Even without the additional commuter-rail trains to Durham, Raleigh's passenger-rail station — the Amtrak station on West Cabarrus Street — is woefully inadequate. No amenities for the waiting passengers. Not nearly enough parking. Far too small for a city of 400,000. Amtrak, which leases the station from the N.C. Railroad Corp., desperately wants something better so it can serve more riders. DOT wants it too. Ditto Raleigh.
A year ago, the Raleigh planning department rolled out an ambitious scheme (I'm tempted to say pie-in-the-sky, but I believe the point was to get everybody dreaming a little) for a new "Union Station" big enough to serve ALL of our future rail needs in downtown Raleigh — Amtrak, commuter-rail, high-speed rail, light-rail, any kind of rail you want — at a cost of, oh, who knows? Guesses ranged upwards from $150 million.
Just as light-rail is a distant hope, however, so too is any such Union Station scheme. (So is high-speed rail, for that matter.)
Meanwhile, Amtrak needs a station now. And if we do get a 1/2-cent sales tax approved in Wake, the additional commuter-rail trains between Raleigh and Durham could be up and running in a few years, in which case they'd need a station too.
Enter, yesterday, NC DOT with a more realistic station plan that, at least at first blush, may be feasible in the foreseeable future and, in the long run, be not incompatible with a Union Station idea, though it doesn't square exactly with the Union Station scheme as unveiled in April, 2010.
DOT's idea is an adaptive reuse, at a guesstimated cost of $20 million, of one of the old Dillon Supply buildings in the warehouse district of Raleigh, one you may not have even realized was there. Most of us are familiar with the Dillon Buildings on West Street, which were purchased by the TTA six years ago in connection with its original light-rail plans. But there's another Dillon building not on West Street. It's actually located in the railroad wye, hidden behind a small non-Dillon building that TTA also purchased. Right next to it is a pretty good-sized parking lot, which sits behind the Flanders Art Gallery building.
The Dillon building in question is the one in the distance in the photo below, looking west on West Martin Street. It's a big old steel-and-brick building located behind the little building with the Capital City Sedan sign on it. In the DOT plan, the little building would be torn down, creating the chance for a nifty plaza in front of the big old building, which would become Raleigh's new Amtrak/commuter-rail station — with plenty of room for shoppes and such.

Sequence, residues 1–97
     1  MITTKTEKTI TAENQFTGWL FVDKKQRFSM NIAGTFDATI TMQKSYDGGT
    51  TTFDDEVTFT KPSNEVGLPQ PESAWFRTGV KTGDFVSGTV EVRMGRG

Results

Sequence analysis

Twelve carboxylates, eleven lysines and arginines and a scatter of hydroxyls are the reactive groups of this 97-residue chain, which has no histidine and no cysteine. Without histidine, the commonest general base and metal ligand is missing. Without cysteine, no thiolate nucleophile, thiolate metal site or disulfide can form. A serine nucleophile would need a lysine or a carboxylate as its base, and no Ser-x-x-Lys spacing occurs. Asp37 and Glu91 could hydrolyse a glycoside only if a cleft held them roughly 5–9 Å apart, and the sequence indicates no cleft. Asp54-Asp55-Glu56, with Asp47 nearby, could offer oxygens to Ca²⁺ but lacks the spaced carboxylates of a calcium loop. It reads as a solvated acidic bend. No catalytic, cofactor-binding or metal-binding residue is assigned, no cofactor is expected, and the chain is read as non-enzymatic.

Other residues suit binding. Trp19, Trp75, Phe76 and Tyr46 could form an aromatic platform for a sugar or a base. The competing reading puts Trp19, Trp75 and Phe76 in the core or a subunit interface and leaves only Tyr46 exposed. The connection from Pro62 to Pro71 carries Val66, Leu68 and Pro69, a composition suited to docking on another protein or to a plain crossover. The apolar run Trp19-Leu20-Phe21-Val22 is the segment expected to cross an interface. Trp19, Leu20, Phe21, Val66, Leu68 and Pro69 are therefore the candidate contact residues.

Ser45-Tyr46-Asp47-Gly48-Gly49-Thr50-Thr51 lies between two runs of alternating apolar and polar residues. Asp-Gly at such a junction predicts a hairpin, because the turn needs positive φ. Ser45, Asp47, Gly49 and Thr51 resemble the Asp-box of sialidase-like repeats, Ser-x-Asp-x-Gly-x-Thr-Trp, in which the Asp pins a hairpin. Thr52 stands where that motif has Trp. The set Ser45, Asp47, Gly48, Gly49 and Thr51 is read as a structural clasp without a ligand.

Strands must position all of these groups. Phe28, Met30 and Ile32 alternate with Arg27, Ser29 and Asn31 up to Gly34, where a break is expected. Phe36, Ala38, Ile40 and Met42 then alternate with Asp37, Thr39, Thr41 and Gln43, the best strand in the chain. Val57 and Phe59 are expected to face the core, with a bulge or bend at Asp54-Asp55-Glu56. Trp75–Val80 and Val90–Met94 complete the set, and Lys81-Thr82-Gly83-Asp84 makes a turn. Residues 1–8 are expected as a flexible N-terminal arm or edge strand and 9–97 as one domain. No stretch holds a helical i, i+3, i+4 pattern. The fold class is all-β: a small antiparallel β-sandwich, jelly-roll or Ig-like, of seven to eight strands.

At this point, the DOT idea is just that — for the next couple of months, DOT is studying whether the Dillon building is structurally sound. If it is, a search for federal, state or other dollars would follow. Raleigh would be asked to pay 10 percent — about $2 million — which Will Allen, co-chair of the city's passenger rail advisory task force reckoned would be a pretty good bargain.
Until the new Contemporary Art Museum opened a few weeks ago, I'd never been in the Flanders gallery, let alone behind it. But my search for a parking space one night led me back to the parking lot and, for the first time, I paid attention to the building back there with it. This map from DOT shows its location. For contrast, the planning department's Union Station would've occupied two full blocks on the west side of West Street between West Morgan and West Martin:
[Pdf of the map — bigger, easier to see, is here: RaleighstationDOTplanmap.pdf
The way this would work, based on what the DOT Rail Division's Allan Paul said yesterday in a walk-through with members of the City Council's passenger rail advisory task force, is:
1) The existing Amtrak station would be converted to some other use by its owner, the N.C. Railroad Corp. (it used to be a restaurant).
2) A new Amtrak station would be set up in the designated Dillon Supply building, the one marked "Proposed Raleigh Train Station."
3) The station would also have room for TTA commuter-rail trains if and when they come along.
4) The Amtrak and TTA trains would each use the existing NCRR rail corridor. But an extra set of tracks, and platforms, would be built to bring them into and out of the rail station. Passengers would walk out the front door of the rail station to reach the platforms.
5) Inside the rail station would be a waiting area, shoppes, restaurants; it's a huge building.
6) In front of the rail station, a plaza could welcome visitors to a great view down West Martin Street, with the new CAM and Designbox on their right and Nash Square just two blocks ahead.
7) The same plaza could serve as the front door for a shopping area in the Dillon buildings going north, all of which are sitting empty and await adaptive re-use (or, ugh, teardown).
8) A future high-speed rail platform is pencilled in ("Proposed S-Line Platform"). It needs to be r-e-a-l long, so you see it extending north from West Hargett Street all the way into the Glenwood South district, going under both West Morgan Street and Hillsborough Street en route.
9) A future light-rail line may well come into downtown Raleigh on West Morgani Street, with a station stop somewhere between Boylan Avenue and West Street.
10) Planners and architects, get busy: We need a people-mover system of some kind to get folks from the rail station to the light-rail station to the high-speed station — and put a roof over it all, OK?